PlaylistMachinedrum ecstasy, a mix from No-Tech's Ciarra Black
Appetite's Ciarra Black talks pop music, shitty art fans, and the warehouses where she first got the techno bug.
CIARRA BLACK IS A WOMAN OF MANY HATS; one half of the melodically industrial duo Appetite (alongside photographer and noise enthusiast Jane Chardiet), co-founder of the Brooklyn-based experimental techno party No-Tech, and a stellar DJ in her own right. This coming weekend, Appetite plays Summer Scum, a two-day noise festival at Queens venue Trans Pecos.
In between rehearsals, DJ nights, malfunctioning samplers, and waiting for Drew McDowall to email her some fresh tracks, she made us a playlist. This playlist serves as a perfect primer for the uninitiated; repping living legends (see: Adam X, Cybotron), stride hitters (Profligate, Bookworms), and local heroes (Pvre Matrix, Cienfeugos), this playlist will have you tapping your feet and pulling out your hair as you wait for day to turn to night so you can go out and waste away.
1. Side A of “Mode of Transportation” CS —Bookworms
2. Side A of forthcoming tape release on Ascetic House — Drew McDowall
3. Track 1 (DEMO) for forthcoming Anòmia tape release — Gene Pick
4. The Track of A Storm — Antenes
5. Magma (Orphyx Remix) — Michal Wolski
6. Fixed Point — S/N
7. Slow Drilling — Motiv-A
8. c45p — Helena Hauff
9. Good Humor — Profligate
10. Anxiety (DUST Remix) — Appetite
11. Robot Rebellion in 2071 — Adam X
12. Burning Sulfur -- Pvre Matrix
13. MS 200 -- Ciarra Black
14. Mould, Damp, Love — Pär Grindvik
15. 7.4.15 -- Latrines
16. What Time Is Now — Joe Farr
17. Architecture of Time (Original Mix) — Realmz
18. Rot — Phase Fatale
19. Clear — Cybotron
20. What is Real (Dreamtime Mix) — Cabaret Voltaire
21. Close My Tab — Cienfuegos
We caught up with Ciarra and talked Jersey roots, Savage Weekends, and how n00bs just want to hear trap music all the fucking time.
HOPES&FEARS: Where are you from originally?
CIARRA BLACK: South Jersey, right outside of Philly.
H&F: How would you describe your music to someone who has never heard it before?
CB: I’m not entirely sure. I learned how to play the drums before I ever touched a drum machine, so that has influenced how I create beats and patterns for sure. I definitely have some noise influences and can be a bit harsh and aggressive with my music, but I'm also a sucker for pop and dancefloor jams.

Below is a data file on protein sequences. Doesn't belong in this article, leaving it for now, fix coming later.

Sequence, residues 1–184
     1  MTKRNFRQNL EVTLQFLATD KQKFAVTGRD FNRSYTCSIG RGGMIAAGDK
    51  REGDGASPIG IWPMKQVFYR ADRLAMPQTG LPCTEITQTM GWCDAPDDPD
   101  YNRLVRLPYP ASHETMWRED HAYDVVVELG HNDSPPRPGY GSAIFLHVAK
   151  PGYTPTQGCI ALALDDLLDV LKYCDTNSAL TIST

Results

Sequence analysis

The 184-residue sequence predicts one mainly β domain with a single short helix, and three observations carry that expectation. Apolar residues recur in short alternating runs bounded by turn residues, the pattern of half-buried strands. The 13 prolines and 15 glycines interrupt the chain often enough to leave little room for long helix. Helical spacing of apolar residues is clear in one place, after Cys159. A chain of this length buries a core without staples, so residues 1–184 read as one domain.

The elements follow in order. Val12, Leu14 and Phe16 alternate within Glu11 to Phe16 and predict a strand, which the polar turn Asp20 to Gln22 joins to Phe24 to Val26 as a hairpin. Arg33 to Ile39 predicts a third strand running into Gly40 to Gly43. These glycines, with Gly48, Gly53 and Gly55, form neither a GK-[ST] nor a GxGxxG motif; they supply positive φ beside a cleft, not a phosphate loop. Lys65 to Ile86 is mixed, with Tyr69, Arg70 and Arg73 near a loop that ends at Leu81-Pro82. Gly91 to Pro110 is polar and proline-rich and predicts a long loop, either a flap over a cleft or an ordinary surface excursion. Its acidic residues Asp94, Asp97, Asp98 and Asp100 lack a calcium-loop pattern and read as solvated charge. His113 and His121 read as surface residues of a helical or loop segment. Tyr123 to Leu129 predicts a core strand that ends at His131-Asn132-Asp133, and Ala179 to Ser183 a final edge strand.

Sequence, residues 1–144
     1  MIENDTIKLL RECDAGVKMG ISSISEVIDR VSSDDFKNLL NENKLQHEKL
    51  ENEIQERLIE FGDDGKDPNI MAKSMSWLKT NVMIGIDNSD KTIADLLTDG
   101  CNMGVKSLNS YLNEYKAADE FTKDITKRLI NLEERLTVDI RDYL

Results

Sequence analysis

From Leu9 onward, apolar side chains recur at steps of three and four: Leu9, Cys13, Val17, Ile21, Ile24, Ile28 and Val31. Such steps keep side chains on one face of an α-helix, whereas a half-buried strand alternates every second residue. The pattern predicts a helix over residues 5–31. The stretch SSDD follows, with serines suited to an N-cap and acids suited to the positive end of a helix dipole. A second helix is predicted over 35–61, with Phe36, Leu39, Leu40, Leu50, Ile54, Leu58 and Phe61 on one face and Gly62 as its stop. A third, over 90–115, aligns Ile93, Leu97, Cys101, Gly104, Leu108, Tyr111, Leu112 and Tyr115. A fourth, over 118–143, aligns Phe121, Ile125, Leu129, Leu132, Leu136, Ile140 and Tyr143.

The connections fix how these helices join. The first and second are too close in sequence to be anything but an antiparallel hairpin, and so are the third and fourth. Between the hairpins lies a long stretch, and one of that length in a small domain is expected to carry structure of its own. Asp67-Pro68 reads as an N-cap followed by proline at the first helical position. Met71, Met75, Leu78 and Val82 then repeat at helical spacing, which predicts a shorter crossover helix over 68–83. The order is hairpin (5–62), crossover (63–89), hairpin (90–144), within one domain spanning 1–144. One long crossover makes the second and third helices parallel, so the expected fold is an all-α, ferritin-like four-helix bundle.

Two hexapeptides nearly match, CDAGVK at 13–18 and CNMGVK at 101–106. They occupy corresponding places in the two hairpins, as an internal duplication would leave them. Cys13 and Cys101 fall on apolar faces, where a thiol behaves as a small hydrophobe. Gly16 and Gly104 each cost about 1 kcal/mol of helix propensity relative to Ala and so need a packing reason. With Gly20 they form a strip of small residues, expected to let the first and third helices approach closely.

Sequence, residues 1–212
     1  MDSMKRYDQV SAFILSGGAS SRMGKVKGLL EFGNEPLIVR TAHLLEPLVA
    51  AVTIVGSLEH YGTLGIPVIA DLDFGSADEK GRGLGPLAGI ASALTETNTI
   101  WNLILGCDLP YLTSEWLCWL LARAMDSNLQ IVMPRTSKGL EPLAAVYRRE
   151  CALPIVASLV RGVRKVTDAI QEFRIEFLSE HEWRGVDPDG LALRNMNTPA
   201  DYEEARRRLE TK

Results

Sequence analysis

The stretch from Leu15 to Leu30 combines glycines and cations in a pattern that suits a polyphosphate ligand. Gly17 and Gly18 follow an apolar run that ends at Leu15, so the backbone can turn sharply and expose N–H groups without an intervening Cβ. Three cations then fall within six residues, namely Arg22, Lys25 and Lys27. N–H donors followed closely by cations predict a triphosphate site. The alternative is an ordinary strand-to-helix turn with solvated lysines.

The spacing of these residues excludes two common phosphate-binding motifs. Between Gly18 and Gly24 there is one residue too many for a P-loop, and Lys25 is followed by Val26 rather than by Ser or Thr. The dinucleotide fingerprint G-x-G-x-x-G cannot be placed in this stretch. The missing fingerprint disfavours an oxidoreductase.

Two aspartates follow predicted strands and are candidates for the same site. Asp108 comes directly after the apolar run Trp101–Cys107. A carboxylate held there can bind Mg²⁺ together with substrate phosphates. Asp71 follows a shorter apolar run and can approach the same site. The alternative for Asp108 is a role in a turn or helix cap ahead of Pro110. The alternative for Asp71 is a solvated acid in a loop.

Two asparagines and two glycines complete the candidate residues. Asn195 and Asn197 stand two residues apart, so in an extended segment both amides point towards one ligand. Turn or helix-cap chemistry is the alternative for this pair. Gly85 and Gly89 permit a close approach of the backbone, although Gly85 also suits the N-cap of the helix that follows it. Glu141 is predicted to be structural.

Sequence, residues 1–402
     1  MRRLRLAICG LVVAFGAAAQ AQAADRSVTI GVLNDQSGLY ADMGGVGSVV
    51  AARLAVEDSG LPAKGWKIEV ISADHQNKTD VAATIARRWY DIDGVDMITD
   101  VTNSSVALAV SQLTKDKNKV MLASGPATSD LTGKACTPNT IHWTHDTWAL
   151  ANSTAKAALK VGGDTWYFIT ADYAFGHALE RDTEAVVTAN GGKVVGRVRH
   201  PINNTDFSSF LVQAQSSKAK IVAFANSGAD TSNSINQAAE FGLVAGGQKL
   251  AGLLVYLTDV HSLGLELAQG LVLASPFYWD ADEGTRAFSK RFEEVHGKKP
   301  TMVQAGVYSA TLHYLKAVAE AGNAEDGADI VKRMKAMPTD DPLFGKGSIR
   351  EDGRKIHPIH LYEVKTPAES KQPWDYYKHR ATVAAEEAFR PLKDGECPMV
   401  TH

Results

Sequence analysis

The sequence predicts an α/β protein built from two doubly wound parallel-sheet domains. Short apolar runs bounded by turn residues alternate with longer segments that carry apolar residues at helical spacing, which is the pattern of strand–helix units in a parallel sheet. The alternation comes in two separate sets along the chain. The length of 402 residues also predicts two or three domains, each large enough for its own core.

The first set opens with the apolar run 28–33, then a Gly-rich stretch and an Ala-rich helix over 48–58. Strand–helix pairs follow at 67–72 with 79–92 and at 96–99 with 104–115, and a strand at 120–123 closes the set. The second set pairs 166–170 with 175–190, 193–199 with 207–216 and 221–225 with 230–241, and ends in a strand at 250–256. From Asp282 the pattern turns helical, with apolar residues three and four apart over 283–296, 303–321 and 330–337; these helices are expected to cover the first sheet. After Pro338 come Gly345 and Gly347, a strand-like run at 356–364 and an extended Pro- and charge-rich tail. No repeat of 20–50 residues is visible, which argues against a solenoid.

H&F: What are the most clueless things people have asked you while you were DJing?
CB: One of the worst, surprisingly enough, was when I DJ’d at the Print Shop at MoMA PS1. A girl got my attention from the booth and asked if I could play trap music instead.
H&F: What sort of gear do you use?
CB: For live music, my current set up is an Elektron Machinedrum, a MS-20 mini, an Electribe ES-1 Sampler, some pedals, and a mixer. Although, I’d like to upgrade my sampler in the very near future… my next purchase.
H&F: What city do you want to play that you’ve never been to?
CB: I’ve surprisingly never been to Chicago. I hope to play there at some point.
H&F: When did you first get into electronic music?
CB: I first got into electronic music mostly through friends involved in the noise scene and through the Chardiet sisters. I got into techno and dance music during my last few years living in Philly when I started DJing. Spots like Medusa, which is an underground dance club, and Inciting HQ, which was a warehouse that threw pretty killer techno parties, were pretty influential to me at the time.
H&F: What’s your favorite underground party to go to?
H&F: How did you meet Jane? What have been some of your favorite Appetite shows?
CB: Jane and I met at college at Temple University in Philadelphia when we were 18 and 19 through mutual friends in the punk and hardcore scene. My favorite Appetite shows have all occurred at Savage Weekend, a noise fest that we’ve played the past few years in Chapel Hill, NC.
H&F: Have you met anyone who left you starstruck?
CB: I have never met him but watching Jeff Mills at Output a few months ago was pretty mind blowing.
H&F: What bangers do you keep in your emergency drawer?
CB: Voiski’s "From White to Red" can pretty much always save the dance floor for any type of crowd. The second is probably Adam X "Robot Rebellion in 2071," which is also on this mix.